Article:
If Your Baby Could Talk | Fit Pregnancy

If Your Baby Could Talk

What your newborn is trying to tell you with her cries.


It isn’t easy to listen to a baby — especially your baby — cry. But understanding that crying is something every healthy newborn does (sometimes for as many as four or five hours a day) makes it more bearable. And learning what her cries mean can help more than anything.

“Crying is sometimes the end result of a series of miscues,” explains Tracy Hogg, a registered nurse, newborn consultant and author of Secrets of the Baby Whisperer (Ballantine Books, 2001). Babies often try to “speak” using body language first and resort to crying when that doesn’t work, she says.

Other cultures typically focus on these physical cues, while Americans tend to respond to a baby’s cries. “We put babies in their own rooms and turn on our monitors,” says Barry Lester, Ph.D., professor of psychiatry and pediatrics at Brown Medical School in Providence, R.I. “We know the kid needs us when she cries.

“In many cultures, where babies are carried all the time, they don’t utter a sound but somehow signal to Mom, ‘I’m hungry,’” Lester adds. “If the baby is physically close, then communication is not based on vocalization.”

A Not-So-Foreign Language
Understanding your baby’s language is a skill acquired through trial and error. “You may not be right all the time, but that’s not going to hurt your baby,” says Michael Speer, M.D., professor of pediatrics at Baylor College of Medicine in Houston. In fact, sometimes you’ll only know what works by trying a few things that don’t.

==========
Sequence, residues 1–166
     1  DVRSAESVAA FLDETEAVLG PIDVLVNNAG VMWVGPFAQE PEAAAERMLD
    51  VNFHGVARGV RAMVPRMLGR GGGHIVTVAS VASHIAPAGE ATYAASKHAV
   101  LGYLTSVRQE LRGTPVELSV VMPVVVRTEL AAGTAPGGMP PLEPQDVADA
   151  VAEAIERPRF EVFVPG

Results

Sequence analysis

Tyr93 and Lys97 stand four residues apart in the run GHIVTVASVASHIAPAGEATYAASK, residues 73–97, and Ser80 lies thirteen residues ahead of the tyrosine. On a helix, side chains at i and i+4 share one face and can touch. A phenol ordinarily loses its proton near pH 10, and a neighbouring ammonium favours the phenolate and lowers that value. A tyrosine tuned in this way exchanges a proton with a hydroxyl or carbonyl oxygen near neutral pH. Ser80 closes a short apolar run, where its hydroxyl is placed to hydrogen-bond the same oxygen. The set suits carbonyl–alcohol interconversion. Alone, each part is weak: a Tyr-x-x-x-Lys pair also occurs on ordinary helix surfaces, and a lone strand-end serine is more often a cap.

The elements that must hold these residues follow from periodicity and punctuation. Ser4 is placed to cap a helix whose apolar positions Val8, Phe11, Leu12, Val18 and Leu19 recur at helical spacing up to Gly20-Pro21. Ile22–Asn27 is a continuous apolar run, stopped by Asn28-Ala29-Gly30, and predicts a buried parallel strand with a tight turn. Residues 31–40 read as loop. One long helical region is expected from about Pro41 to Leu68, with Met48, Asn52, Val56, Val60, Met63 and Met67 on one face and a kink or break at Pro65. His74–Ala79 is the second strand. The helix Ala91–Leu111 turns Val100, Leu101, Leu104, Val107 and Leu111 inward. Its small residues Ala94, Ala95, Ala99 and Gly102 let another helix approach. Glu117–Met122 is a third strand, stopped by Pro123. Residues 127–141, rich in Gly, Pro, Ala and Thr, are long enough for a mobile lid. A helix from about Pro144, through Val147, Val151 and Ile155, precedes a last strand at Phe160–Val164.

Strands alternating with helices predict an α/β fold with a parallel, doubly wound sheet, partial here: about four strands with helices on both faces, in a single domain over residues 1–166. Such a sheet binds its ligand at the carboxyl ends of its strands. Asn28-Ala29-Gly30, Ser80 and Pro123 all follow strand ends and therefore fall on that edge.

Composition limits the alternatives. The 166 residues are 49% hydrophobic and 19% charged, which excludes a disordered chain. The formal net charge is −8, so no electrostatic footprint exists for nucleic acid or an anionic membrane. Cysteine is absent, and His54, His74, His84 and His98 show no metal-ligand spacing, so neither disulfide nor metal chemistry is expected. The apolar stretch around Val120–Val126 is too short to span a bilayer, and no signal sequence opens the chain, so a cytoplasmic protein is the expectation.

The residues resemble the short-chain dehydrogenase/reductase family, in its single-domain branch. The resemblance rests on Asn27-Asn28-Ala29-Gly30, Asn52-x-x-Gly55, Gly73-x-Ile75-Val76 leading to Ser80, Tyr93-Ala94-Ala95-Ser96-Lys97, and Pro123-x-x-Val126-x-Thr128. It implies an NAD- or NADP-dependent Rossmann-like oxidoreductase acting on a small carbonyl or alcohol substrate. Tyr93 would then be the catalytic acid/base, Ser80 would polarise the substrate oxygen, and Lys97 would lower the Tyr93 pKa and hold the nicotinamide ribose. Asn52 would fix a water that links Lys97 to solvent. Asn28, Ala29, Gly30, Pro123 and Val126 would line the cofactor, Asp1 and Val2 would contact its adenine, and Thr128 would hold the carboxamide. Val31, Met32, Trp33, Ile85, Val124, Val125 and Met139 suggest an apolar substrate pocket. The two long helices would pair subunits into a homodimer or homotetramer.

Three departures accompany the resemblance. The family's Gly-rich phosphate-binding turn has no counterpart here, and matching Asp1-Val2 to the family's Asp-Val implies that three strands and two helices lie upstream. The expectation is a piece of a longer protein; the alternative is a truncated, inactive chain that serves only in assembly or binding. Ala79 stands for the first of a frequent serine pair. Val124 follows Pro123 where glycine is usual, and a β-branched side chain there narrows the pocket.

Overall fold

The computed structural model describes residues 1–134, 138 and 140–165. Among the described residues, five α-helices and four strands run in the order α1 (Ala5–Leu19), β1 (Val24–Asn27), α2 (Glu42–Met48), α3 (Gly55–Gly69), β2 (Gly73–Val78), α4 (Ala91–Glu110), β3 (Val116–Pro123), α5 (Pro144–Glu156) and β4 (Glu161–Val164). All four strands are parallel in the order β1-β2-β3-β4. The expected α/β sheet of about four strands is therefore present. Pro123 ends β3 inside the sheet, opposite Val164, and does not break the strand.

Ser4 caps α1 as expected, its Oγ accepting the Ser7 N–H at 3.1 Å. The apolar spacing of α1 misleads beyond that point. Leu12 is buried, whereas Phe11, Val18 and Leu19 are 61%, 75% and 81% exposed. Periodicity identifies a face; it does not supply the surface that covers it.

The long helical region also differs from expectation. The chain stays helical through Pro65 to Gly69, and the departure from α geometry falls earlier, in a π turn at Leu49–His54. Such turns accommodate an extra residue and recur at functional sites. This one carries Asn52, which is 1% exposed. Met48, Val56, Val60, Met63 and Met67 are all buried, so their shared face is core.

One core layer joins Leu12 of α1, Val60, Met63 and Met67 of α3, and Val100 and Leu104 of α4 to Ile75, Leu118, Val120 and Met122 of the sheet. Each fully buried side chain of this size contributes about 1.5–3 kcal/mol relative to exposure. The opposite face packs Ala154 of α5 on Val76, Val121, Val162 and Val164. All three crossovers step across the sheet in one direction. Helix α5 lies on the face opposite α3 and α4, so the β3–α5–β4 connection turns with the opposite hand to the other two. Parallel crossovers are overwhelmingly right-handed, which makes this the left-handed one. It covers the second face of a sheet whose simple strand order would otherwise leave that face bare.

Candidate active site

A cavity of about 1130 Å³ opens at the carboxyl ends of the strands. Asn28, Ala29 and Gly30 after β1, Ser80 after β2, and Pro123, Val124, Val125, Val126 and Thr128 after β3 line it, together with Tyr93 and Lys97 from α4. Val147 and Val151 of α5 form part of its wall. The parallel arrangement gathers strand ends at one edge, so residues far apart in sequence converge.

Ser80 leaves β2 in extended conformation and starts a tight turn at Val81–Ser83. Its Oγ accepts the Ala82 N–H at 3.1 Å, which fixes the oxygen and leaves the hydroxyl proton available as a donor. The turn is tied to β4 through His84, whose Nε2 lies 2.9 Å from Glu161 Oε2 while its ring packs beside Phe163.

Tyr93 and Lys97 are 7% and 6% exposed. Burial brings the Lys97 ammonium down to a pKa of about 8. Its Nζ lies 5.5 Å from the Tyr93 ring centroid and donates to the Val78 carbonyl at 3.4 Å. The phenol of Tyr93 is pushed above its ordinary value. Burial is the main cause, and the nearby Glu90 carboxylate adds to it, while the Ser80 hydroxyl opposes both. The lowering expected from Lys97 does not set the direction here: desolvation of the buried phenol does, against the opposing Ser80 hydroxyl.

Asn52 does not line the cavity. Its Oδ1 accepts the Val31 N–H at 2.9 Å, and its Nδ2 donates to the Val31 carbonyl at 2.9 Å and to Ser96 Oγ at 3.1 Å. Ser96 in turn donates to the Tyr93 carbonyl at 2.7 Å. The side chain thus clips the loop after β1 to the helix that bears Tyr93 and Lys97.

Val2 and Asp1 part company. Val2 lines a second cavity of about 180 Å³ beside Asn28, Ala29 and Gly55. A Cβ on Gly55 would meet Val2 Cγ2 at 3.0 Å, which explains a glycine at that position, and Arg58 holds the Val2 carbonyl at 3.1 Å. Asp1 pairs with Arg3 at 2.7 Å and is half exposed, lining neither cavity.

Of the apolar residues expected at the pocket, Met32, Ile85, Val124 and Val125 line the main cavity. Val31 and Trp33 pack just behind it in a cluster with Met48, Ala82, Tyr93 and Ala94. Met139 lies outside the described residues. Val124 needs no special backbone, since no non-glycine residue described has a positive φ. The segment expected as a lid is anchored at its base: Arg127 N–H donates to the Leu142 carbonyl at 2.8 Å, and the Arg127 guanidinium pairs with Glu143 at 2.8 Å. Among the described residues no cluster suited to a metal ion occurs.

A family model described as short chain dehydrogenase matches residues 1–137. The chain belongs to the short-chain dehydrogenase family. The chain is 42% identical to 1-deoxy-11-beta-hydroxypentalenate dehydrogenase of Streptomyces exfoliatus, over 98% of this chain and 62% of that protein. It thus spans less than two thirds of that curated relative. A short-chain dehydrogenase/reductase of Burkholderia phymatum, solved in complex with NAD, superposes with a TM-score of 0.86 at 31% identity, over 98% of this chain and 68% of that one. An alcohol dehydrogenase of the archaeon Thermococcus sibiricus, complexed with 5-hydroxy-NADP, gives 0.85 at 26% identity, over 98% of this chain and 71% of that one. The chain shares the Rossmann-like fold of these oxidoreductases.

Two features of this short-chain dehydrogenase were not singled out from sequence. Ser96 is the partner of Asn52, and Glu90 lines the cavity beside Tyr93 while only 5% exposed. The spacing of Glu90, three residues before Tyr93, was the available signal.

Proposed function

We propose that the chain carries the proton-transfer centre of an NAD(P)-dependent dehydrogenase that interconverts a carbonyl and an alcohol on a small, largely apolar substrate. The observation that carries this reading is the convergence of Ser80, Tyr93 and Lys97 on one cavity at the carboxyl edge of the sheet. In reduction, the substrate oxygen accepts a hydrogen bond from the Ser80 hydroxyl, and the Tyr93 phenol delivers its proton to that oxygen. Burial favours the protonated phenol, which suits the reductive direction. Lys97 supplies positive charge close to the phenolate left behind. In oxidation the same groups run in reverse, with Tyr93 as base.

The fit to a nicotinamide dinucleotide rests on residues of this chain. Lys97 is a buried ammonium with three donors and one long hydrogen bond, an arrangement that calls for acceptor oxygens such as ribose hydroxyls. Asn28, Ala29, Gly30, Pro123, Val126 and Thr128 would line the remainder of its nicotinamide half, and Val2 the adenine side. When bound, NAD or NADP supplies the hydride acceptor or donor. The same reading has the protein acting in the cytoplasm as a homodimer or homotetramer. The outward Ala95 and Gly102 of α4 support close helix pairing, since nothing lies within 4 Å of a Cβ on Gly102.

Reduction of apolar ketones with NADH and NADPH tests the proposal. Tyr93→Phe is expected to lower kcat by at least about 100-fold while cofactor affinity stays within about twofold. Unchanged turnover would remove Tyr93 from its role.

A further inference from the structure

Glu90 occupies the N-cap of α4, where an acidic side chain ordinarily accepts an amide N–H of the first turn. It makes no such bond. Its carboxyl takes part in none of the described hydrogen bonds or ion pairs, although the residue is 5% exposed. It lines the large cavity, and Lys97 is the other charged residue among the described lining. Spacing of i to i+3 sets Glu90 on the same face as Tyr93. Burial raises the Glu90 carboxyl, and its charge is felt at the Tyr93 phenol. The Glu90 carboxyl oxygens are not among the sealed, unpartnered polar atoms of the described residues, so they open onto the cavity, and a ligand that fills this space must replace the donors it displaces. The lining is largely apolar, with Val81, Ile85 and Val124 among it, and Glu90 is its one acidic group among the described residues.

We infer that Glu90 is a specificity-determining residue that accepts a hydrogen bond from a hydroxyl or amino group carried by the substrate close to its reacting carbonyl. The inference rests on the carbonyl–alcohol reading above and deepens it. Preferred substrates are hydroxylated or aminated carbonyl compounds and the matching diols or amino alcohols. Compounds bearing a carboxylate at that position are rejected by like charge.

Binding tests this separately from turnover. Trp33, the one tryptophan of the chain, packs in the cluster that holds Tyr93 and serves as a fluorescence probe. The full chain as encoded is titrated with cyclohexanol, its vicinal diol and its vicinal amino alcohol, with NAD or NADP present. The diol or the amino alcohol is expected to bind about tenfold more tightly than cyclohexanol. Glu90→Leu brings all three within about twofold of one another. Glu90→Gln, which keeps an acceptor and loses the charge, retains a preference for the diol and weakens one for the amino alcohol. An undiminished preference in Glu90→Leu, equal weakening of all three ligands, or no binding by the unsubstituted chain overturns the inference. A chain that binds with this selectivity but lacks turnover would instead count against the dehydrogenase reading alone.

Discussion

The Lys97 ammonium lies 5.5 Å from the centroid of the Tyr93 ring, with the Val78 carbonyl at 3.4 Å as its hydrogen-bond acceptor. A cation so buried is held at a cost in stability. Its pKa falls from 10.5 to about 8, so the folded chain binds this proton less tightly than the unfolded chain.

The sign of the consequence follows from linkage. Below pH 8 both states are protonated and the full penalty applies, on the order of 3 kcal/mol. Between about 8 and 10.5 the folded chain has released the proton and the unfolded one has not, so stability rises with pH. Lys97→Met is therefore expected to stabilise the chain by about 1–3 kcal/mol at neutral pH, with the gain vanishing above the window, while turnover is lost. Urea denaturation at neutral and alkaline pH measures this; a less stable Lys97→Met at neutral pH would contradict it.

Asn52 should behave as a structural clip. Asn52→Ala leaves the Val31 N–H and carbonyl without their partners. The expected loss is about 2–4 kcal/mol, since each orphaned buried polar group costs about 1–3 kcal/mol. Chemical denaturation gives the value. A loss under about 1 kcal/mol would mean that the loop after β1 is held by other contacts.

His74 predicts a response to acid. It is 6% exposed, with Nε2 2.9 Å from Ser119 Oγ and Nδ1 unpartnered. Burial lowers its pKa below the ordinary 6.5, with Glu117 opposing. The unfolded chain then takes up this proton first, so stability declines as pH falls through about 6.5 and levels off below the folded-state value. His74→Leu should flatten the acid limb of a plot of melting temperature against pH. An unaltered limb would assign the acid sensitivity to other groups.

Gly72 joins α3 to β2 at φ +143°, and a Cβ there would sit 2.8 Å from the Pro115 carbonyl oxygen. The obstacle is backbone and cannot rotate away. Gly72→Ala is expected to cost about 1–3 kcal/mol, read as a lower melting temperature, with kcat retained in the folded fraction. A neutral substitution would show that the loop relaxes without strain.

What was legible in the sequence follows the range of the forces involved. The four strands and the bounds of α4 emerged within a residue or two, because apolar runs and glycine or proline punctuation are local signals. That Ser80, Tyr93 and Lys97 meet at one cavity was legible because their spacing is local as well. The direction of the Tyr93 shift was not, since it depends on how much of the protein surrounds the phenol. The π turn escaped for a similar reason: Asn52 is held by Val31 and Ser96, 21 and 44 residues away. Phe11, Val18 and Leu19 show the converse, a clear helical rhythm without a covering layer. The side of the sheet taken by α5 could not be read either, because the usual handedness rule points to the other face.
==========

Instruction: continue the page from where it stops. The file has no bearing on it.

“Get used to observing and don’t rush in to fix, fix, fix,” suggests Hogg. She uses the acronym SLOW to remind parents to stop, listen and observe before deciding “what’s up.” To help you with this, we’ve come up with a list of needs that your baby may be trying to communicate to you.

I’m hungry.  A hungry baby may arch her back, looking for a breast or bottle. She may also turn her head toward you, searching with her tongue (rooting), or she may pull her fist toward her mouth.

I’m tired.  A tired baby may stare off and yawn. She may grab her ears and, when she’s a bit older, rub her eyes. If she’s lying down, she’ll move her head from side to side as though fighting sleep. If you’re holding her, she’ll turn her body in toward yours.

A tired cry can sound much like a hungry cry. Since new parents often don’t realize how much sleep new babies need — 18 to 22 hours a day, on average — they are likely to try feeding them too often. So if all else fails, just give your infant a chance to fall asleep.

My clothes need to be changed.  Too much or too little clothing can make a baby uncomfortable. An overheated baby breathes rapidly and may have a clammy neck. A cold baby’s skin appears marbled and blotchy.


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